Auto maker Ford Thursday said it was halting work at its two Australian plants for almost a week after one of its parts manufacturers was placed into administration.
The move affects some 1,800 workers at its Geelong and Broadmeadows factories in Victoria state.
Ford spokeswoman Sinead Phipps told reporters production would cease at the close of business Thursday and not resume until next Wednesday.
“We won’t be producing cars on Friday, Monday or Tuesday,” she said.
“Obviously the whole process needs a bit of time to happen before we can start our production line again.”
CMI Industrial, which produces parts including seatbelt restraints, air bags, suspension components and brake pad backing plates, was placed into receivership on Thursday morning.
About 80 staff at CMI’s local factory have been unable to work since Friday after the landlord changed the locks in a dispute over unpaid rent.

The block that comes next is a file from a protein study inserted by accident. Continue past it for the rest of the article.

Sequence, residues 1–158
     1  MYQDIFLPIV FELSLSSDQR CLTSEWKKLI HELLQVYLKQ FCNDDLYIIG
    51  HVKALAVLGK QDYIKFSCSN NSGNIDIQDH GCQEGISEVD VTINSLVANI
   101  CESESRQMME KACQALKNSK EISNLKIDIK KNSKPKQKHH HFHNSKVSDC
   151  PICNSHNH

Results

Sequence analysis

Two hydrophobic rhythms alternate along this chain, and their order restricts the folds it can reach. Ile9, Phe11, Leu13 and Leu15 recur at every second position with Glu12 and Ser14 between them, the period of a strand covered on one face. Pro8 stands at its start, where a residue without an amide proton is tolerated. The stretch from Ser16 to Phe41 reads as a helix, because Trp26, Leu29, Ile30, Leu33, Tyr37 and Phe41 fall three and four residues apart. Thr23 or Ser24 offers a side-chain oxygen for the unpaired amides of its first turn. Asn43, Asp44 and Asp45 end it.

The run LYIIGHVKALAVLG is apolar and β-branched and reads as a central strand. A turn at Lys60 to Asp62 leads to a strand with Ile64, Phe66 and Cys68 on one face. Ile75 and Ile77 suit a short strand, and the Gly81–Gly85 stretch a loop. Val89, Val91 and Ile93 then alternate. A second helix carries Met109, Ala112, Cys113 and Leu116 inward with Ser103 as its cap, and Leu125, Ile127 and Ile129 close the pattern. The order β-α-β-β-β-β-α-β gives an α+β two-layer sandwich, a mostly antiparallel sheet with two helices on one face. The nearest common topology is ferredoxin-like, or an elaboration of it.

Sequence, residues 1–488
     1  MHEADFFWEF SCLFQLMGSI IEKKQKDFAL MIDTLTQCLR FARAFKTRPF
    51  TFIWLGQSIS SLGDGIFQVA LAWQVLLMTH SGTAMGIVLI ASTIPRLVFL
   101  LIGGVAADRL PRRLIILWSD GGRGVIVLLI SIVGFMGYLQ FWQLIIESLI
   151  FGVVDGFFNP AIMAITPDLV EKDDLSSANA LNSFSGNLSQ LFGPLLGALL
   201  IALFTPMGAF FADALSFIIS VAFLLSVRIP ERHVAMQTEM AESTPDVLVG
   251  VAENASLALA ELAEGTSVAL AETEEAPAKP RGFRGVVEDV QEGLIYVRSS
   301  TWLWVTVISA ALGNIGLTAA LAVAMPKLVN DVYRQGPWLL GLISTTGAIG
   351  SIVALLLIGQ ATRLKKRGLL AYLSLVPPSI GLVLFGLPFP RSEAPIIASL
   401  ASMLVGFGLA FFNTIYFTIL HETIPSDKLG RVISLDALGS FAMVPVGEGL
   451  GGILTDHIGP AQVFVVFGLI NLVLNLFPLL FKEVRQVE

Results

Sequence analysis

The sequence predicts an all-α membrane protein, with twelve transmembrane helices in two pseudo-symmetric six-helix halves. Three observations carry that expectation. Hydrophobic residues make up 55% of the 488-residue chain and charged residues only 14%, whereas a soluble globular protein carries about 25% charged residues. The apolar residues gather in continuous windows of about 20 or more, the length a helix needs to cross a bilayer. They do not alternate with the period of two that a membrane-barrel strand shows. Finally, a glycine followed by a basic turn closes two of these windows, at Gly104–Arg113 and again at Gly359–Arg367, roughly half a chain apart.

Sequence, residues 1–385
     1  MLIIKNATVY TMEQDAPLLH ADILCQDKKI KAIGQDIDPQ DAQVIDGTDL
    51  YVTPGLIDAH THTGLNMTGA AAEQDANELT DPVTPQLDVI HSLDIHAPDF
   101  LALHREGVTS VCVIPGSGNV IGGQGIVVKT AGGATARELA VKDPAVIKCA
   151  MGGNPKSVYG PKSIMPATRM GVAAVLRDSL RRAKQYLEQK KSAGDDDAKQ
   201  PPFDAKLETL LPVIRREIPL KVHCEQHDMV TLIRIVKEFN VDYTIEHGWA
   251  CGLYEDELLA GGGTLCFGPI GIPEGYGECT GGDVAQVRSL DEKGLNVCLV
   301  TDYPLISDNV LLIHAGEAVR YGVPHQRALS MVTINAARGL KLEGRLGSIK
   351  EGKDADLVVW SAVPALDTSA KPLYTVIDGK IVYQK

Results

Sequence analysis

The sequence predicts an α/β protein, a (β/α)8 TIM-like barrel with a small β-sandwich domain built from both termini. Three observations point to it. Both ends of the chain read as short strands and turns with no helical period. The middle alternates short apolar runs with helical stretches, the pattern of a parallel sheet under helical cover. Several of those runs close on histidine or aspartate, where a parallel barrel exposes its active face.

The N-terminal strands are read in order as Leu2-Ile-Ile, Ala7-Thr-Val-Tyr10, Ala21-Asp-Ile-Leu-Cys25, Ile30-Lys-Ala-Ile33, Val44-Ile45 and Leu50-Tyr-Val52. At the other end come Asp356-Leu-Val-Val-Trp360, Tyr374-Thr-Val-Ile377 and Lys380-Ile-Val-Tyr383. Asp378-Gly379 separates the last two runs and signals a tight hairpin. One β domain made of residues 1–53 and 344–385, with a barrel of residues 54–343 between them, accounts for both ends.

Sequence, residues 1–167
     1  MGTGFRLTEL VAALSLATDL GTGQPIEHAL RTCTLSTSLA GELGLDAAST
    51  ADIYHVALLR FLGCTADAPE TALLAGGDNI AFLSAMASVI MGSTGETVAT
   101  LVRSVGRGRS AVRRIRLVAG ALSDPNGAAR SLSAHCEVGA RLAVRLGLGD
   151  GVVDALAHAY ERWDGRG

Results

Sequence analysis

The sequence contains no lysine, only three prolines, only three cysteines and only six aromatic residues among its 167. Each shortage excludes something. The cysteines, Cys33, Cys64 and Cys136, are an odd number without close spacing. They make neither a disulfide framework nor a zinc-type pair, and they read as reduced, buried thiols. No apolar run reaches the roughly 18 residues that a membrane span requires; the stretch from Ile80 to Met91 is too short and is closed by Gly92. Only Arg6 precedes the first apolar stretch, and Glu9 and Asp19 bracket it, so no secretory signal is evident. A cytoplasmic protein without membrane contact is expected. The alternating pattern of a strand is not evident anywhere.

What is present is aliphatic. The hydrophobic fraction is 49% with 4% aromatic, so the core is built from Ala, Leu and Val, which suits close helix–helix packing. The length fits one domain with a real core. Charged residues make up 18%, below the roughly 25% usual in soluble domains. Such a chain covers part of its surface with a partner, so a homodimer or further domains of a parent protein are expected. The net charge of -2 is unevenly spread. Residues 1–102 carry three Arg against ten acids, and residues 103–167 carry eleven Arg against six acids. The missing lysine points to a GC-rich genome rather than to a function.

One of the receivers, Keith Crawford, said they were working to keep CMI afloat.
“In the interim we will be liaising closely with employees and unions, customers and suppliers to ensure minimal disruption to operations,” Crawford said in a statement.
Australia’s auto industry is labouring due to the local exchange rate’s protracted run against the US dollar, accompanied by rising production costs and faltering domestic sales.
Canberra gave General Motors subsidiary Holden a Aus$275 million (US$283 million) lifeline to keep its plants open last month amid fears it would pull out of Australia, and pledged Aus$34 million to prop up production at Ford.